[Screen It]


(2022) (voices of Lyric Ross, Jordan Peele) (PG-13)

Read Our Full Content Movie Review for Parents

Stop-Motion Animated Comedy/Horror: A troubled young teen hopes that two demons can resurrect her dead parents.

Kat Elliot (voice of LYRIC ROSS) is a 13-year-old girl whose world was upended five years ago when a single-vehicle accident claimed the lives of her parents, Wilma (voice of GABRIELLE DENNIS) and Delroy (voice of GARY GATEWOOD). Feeling responsible for that, she ended up becoming a juvenile delinquent and is now getting maybe one last shot at redemption back in her old hometown.

While Rust Bank was once a thriving place, it's now a dilapidated shell of its former self back when Kat's parents ran the local brewery that mysteriously burned down after their tragic deaths. Now, a private prison company known as Klax Korp -- run by Irmgard (voice of MAXINE PEAKE) and Lane Klaxon (voice of DAVID HARDWOOD) -- wants to tear the town down and replace it with a prison, thus potentially threatening the closure of the local Catholic school run by Father Bests (voice of JAMES HONG) where Kat is now enrolled.

There, a trio of girls -- Siobhan (voice of TAMARA SMART), Sweetie (voice of RAMONA YOUNG), and Sloane (voice of SEEMA VIRDI) -- want to add Kat to their clique, but she doesn't want any friends, although she at least tolerates Raul (voice of SAM ZELAYA) who she views as something of a kindred spirit. Little does Kat know, though, is that she's a so-called "Hell maiden" who's been targeted by demons Wendell (voice of KEEGAN-MICHAEL KEY) & Wild (voice of JORDAN PEELE) who are hair farmers for underworld leader Buffalo Belzer (voice of VING RHAMES).

The demons desire to open a fair up in the world of the living, and knowing that Kat is the only person who can summon them, they agree to resurrect her parents if she agrees to do so. At the same time, Sister Helley (voice of ANGELA BASSETT) -- who knows a thing or two about demons, what with similarly being a Hell maiden who's helped school janitor Manberg (voice of IGAL NAOR) add demons to his growing collection -- tries to help Kat deal with that and come to terms with her past and related guilt.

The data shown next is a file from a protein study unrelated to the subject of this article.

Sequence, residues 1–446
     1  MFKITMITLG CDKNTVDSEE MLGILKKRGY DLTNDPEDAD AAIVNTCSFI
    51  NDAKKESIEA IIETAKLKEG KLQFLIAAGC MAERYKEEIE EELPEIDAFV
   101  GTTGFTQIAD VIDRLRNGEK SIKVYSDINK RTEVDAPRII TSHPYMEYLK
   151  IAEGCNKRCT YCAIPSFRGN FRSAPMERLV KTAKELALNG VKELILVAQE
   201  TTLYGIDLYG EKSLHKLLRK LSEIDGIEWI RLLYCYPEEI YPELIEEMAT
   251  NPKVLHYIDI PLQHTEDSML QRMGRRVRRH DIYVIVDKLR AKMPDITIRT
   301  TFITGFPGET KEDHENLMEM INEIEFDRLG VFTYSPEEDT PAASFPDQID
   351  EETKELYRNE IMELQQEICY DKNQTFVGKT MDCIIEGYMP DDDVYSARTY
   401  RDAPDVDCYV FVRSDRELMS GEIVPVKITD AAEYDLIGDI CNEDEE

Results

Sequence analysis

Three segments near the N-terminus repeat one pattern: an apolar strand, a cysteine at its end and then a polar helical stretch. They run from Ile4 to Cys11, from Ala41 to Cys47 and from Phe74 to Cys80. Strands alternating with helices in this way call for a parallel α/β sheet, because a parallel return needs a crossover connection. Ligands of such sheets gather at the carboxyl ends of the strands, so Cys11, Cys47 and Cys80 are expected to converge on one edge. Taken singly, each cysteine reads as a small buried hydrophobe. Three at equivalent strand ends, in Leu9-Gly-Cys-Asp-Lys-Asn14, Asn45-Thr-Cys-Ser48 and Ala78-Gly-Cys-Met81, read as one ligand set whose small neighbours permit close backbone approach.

OUR TAKE: 6 out of 10

Demons of various kinds have long populated the world of movies. The most obvious, of course, is the type that likely immediately comes to mind when you mention them. You know, the kind that populates and fuels the stories behind "The Exorcist," "The Shining" and a plethora of other similar horror movies where otherworldly figures take over or, at minimum, terrorize the protagonists.

Then there are those that feature substance and behavioral forces that similarly work to ruin the lives of the main characters. Booze, drugs, gambling, and so on threaten to derail the goals of those subjected to them, and biopics about famous but troubled artists are the mainstays for such evil entities. As is oft the case, such self-destructive behavior often stems from childhood personal demons that act as tripwires ready to be activated later in life.

Various sorts of demons populate "Wendell & Wild," the latest stop-motion animated offering -- after a long absence -- by filmmaker Henry Selick, best known for the likes of "Coraline" and "The Nightmare Before Christmas." Like those offerings, this one -- written by him and Jordan Peele -- is teaming with a macabre aura that permeates the storyline and the characters that appear in it.